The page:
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Aspect ratio is the ratio between the width and height of the screen. It’s noted in the form of W:H, which is interpreted as W pixels in width for every H pixels in height.
When buying a new PC monitor or perhaps a TV screen, you’ll stumble on the specification called “Aspect Ratio”. This is essentially just the ratio between the width and height of the display. The higher the first number compared to the last number, the wider the screen will be compared to the height.
Most monitors and TVs today have an aspect ratio of 16:9 (Widescreen) and we are seeing more and more gaming monitors getting a 21:9 aspect ratio, also referred to as UltraWide. There are also a few monitors with a 32:9 aspect ratio.
Other, more or less popular, aspect ratios are 4:3 and 16:10 though finding new monitors with these aspect ratios is difficult nowadays, but they were quite widespread back in the day.
List Of Popular Aspect Ratios And Screen Resolutions
Here’s a list of aspect ratios and a bunch of associated resolutions with that specific aspect ratio:
- 32:9 aspect ratio: 3840×1080, 5120×1440
- 21:9 aspect ratio: 2560×1080, 3440×1440, 5120×2160
- 16:9 aspect ratio: 1280×720, 1366×768, 1600×900, 1920×1080, 2560×1440, 3840×2160, 5120×2880, 7680×4320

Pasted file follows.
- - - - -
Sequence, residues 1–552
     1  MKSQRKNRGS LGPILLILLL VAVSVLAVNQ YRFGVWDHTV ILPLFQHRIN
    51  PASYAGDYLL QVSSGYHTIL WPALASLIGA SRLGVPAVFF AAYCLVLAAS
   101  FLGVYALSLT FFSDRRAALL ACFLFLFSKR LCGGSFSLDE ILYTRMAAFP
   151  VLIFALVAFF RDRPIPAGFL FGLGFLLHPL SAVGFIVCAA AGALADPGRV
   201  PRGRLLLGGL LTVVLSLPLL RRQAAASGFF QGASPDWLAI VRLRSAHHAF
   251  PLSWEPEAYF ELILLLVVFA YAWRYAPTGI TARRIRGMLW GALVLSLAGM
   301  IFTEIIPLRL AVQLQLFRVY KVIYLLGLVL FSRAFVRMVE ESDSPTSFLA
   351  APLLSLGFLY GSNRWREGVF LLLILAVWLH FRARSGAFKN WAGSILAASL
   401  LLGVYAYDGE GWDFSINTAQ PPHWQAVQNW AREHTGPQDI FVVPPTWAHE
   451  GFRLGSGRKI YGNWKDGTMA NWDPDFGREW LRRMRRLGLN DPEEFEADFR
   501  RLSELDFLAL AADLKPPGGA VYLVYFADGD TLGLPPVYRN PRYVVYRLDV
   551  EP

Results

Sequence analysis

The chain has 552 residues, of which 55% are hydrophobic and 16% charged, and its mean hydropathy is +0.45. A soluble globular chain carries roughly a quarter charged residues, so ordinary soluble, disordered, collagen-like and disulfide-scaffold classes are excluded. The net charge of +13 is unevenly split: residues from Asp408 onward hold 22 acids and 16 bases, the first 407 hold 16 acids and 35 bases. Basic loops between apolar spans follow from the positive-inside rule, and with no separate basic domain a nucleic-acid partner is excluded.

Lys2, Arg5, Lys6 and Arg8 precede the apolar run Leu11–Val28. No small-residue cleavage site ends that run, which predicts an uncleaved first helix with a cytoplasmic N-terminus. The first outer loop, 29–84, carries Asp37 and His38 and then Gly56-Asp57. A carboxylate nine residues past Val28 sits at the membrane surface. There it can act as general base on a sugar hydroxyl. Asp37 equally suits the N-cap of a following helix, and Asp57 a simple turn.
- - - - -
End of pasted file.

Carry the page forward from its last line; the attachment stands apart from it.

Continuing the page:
- 16:10 aspect ratio: 1280×800, 1920×1200, 2560×1600
- 4:3 aspect ratio: 1400×1050, 1440×1080, 1600×1200, 1920×1440, 2048×1536
What Aspect Ratio Should I Use?
Most of the time, the best aspect ratio will be whatever your display’s native screen resolution/aspect ratio is though it also depends on what type of content you are watching as well as your personal preference.
16:9 is the most widespread aspect ratio as it is used for the most common monitor and TV resolutions including 1920×1080 and 4K. Moreover, a 16:9 aspect ratio is very versatile as it can decently display both 4:3 and 21:9 content.
When it comes to gaming, ultrawide monitors with a 21:9 aspect ratio can offer advantage due to the wider field of view. That’s why some competitive games will limit the aspect ratio to 16:9, meaning you’ll have black bars at the sides of the screen.
In the end, you should use whatever aspect ratio you see fit. Some prefer having a wider image while watching movies, for example, but others prefer the picture fully outstretched.
Rob is a software engineer with a Bachelor’s degree from the University of Denver. He now works full-time on writing for DisplayNinja while coding his own projects on the side.